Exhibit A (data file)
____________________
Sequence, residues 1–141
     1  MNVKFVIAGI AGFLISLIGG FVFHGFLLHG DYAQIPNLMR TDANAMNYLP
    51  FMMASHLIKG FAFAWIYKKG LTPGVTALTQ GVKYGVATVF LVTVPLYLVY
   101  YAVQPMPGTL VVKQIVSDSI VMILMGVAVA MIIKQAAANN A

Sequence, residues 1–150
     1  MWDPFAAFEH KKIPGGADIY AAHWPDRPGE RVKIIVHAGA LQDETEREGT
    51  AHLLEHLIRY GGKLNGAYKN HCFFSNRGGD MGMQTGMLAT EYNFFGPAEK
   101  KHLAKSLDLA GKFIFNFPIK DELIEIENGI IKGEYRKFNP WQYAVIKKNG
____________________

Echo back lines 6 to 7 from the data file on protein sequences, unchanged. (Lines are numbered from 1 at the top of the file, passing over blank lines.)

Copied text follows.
     1  MWDPFAAFEH KKIPGGADIY AAHWPDRPGE RVKIIVHAGA LQDETEREGT
    51  AHLLEHLIRY GGKLNGAYKN HCFFSNRGGD MGMQTGMLAT EYNFFGPAEK